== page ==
A woman using fiber optic internet for video conferencing in her kitchen


Not only is it faster, but Fiber Internet is substantially more reliable. Unfortunately, copper wiring is prone to wear and tear. It's more malleable, which can be great for some things, but for the internet, this makes it weak and more likely to be damaged. Additionally, the electrical signals that travel through it can only go so far before they weaken. Fiber optic signals, by contrast, though capable of decline, can travel significantly further before their signal has to be renewed (nearly 400 times the distance of cable). And the copper wiring used in cable and DSL, though excellent at conducting the electrical signals necessary to transmit their data, is also great at conducting other things. For example, radio waves, heat, and unintended electromagnetic signals can be common sources of interference. Though you, as the consumer, may not notice the interference when it happens, copper wire's susceptibility to it can often make for a less secure and unreliable connection.


On top of that, cable is also prone to slowdown during peak hours. Due to its structure as a shared network, users often see a significant reduction in speed during times of heavy use, even when they don't have many devices connected to their home network. Though it can sometimes match Fiber's speeds, it is often unable to do so.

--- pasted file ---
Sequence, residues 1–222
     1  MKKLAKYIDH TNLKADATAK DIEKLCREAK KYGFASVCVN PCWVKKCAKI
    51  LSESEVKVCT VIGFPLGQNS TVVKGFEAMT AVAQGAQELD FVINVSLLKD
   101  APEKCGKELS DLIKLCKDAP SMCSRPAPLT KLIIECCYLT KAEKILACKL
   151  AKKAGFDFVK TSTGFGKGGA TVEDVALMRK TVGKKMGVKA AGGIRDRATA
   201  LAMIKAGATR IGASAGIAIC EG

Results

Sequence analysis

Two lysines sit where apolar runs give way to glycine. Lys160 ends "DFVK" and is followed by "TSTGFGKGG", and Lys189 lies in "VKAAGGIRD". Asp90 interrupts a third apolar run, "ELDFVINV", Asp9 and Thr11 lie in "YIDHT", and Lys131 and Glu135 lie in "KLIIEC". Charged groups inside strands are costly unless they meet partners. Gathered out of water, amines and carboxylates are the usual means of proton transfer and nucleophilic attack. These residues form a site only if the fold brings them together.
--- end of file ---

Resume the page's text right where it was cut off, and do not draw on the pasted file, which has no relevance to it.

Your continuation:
Who is Fiber Internet best for?


Though largely considered the best internet option, Fiber Internet connections may not be for everyone. Fiber to the home is not available everywhere, as many providers only use Fiber as the backbone of their network, using coax to run the last length from the street to the house, greatly diminishing the benefits of Fiber for individual households. Many businesses already rely heavily on Fiber connections due to their massive number of users and the speeds necessary to conduct their everyday business. Some casual users may not need the benefits Fiber offers, but it would be preferable for anyone who has multiple connected devices in simultaneous use, plays online games, or works from home. In certain areas, Fiber can be more expensive than cable, and if that is the case, it’s certainly something to consider before making a decision.


Find Fiber Optic Internet in Your Area


In an age where internet speeds keep getting faster, Fiber technology remains the fastest, most reliable option. If Fiber providers are available in your area and it fits in your budget, there are definite benefits over other internet types. Cable may be the better option if you don't require consistently high speeds and have very few connected devices or users. After all, everyone's definition of "fast internet" is different. Cable and even DSL may be plenty for some and be more than sufficient for the light, daily usage they rely on it for. But you'll want faster speeds and a reliable solution if you have a whole family using the same home network for all their connected devices, streaming, working, gaming, and more.


If you're interested in upgrading your internet connection or just learning more about Fiber Internet options, contact us today!